As for the hot topics you mention: these issues are best seen as convictions. Yes, I’m convinced that evolution is how we came to be. Yes, I think I’m right and creationists are wrong and yes I want the rest of the world to share my conviction. But I don’t think the world will be a better place if we lock up the creationists. I won’t even break off a friendship because someone confesses to creationism (I’d probably laugh in his face, but that’s beside the point …)

IMO the real question is not ‘diversity good or bad’ but how should we deal with it as a society. And I really mean society - politicians are worthless at this stuff.

Check out Ernest Gellners theories on ‘Civil Society’. One of his recurring themes is what he calls ‘modular society’ (cf modular furniture: design and make your own unique bedroom/kitchen/living from prefab modules). He regards a country as a healty democratic societie not primarily based on whether there are free elections for a parliament with real power etc, but on whether you can change your opinions and convictions without immediately being cast out by your clan/family/friends etc.

Am I still making sense?

Are you soliciting various opinions on the matter? Why?

Well, the OP didn’t ask if diversity of facts is a good thing…

I don’t believe for one second that anyone except the extreme minority of anti-choicers actually believe for one second that abortion is just like murder. These people claim that abortion is murder but the most they can do is donate a few bucks here and there, march a couple times a year, maybe make a few angry internet posts? If they actually thought abortion was murder, then every one of them should be out there killing abortion doctors (not that I condone it, just pointing out the cognitive dissonance). Where are they when women have periods and the egg fails to develop? Are they holding thousand dollar funerals for each lost egg as if they lost a baby? Sure they’re against stem cells, but are they staging hunger strikes or protesting in front of research clinics and colleges? Most of them do none of those things, and given the choice, I bet they wouldn’t save a petri dish full of eggs over one actual birthed human’s life. So your analogy is not correct. These people don’t really believe a fertilized egg or a fetus is the same as an actual human being, they know its lesser and by their behavior, they prove it. Therefore, pro-choice is the only rational path for society to have. It allows these people to moralize from their pedestals but leaves the rest of us alone. An anti-choice position would close off the exercise of rights for the majority of people while a pro-choice one wouldn’t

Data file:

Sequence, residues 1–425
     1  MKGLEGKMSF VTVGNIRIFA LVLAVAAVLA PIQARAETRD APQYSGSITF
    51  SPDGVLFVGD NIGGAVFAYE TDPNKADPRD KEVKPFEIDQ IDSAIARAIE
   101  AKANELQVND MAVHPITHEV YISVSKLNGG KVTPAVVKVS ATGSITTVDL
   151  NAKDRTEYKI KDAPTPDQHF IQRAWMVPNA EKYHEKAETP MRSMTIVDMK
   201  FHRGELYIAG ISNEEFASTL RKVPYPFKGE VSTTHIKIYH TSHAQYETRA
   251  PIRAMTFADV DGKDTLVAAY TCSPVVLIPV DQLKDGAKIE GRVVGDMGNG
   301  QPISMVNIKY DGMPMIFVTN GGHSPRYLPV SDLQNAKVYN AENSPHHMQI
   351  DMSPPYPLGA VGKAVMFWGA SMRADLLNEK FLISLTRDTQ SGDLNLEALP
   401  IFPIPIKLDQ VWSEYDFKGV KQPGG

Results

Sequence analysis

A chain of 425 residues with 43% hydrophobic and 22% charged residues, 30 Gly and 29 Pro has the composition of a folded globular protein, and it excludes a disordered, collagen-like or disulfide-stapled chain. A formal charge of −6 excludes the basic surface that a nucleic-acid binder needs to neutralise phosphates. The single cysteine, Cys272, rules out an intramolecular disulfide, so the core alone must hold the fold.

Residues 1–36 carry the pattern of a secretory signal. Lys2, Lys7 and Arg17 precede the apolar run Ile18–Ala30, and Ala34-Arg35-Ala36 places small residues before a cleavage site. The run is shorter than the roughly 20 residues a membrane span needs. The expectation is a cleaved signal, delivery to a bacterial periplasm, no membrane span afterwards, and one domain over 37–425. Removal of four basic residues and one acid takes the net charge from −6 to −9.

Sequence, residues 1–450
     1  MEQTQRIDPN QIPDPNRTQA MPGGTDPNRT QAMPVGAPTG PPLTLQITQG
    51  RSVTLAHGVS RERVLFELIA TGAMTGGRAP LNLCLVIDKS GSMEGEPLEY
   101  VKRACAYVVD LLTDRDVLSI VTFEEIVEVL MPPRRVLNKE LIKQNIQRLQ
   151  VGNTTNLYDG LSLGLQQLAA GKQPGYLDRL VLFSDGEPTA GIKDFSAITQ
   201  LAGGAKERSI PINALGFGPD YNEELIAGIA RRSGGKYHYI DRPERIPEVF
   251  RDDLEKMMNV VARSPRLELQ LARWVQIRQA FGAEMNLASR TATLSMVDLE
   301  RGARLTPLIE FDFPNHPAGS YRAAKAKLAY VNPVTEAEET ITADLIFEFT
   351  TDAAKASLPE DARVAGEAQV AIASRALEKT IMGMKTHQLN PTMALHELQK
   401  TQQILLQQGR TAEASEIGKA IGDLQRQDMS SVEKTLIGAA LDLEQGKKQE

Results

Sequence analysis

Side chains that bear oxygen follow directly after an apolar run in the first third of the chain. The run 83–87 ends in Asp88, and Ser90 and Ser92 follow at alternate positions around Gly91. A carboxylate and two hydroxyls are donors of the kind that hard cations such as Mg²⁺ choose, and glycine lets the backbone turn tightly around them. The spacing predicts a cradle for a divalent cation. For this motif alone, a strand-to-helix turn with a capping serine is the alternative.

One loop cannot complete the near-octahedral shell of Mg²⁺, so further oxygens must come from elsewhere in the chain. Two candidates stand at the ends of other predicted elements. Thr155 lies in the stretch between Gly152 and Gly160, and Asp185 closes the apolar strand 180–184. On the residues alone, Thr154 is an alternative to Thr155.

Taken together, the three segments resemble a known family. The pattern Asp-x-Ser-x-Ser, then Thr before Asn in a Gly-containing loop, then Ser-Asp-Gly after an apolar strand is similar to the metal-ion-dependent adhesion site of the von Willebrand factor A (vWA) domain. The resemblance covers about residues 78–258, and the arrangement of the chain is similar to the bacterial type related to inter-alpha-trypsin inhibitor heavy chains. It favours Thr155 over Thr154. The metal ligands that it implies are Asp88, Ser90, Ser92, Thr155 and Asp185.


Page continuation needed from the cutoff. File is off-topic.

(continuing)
Evolution is indeed proven fact – not in a mathematically certain sense, but in any fair use of the term. There is simply too much evidence for any other explanation to be true.

Similarly, it’s certain that climate change is real, and it’s certain that man’s activities are a contributor to it. I don’t agree it’s “man-made,” because that term suggests that absent man’s activities, climate change would not exist, and geologic history shows that to be false. I think it’s more accurate to say that climate change exists and man’s activities are a substantial accelerant.

But then we get to the last claim.

Here, you depart from any proof and enter opinion. Whether God exists or not is an untestable claim. Evolution’s existence is testable: predictions about commonality of DNA across species and survival adaptations in response to environmental changes can be made and tested. Evolution’s predictions are correct and observable.

The existence of God is not a testable claim; it is neither provable nor refutable.

No. I claim abortion is murder. If that’s true, then your formula hits a snag, or you argue that a fully pro-murder society is free for some of its citizens not to commit murder, and is therefore a better choice (ha!) than the anti-murder society.

I oppose abortion for the same reason I oppose murder in general: I regard the proper role of society as protecting its members from each other’s murderous impulses. We agree on that, of course – we just disagree on whether abortion is murder.

These are a collection of strawman arguments.

I absolutely believe abortion is murder, but so is the killing of a doctor. Moreover, the doctor is acting within the law, and with his own good faith. He is mistaken, but not evil. This is the reason I don’t kill abortion doctors, yet still believe abortion is murder.

Nor would I hold a thousand dollar funeral if a pregnancy spontaneously aborted in an early stage. That’s not out of a lack of belief in the humanity of the lost life. It’s a recognition that funerals are a rite for the living, not the dead, and that we don’t mourn for such lost lives that way in this society, and never have.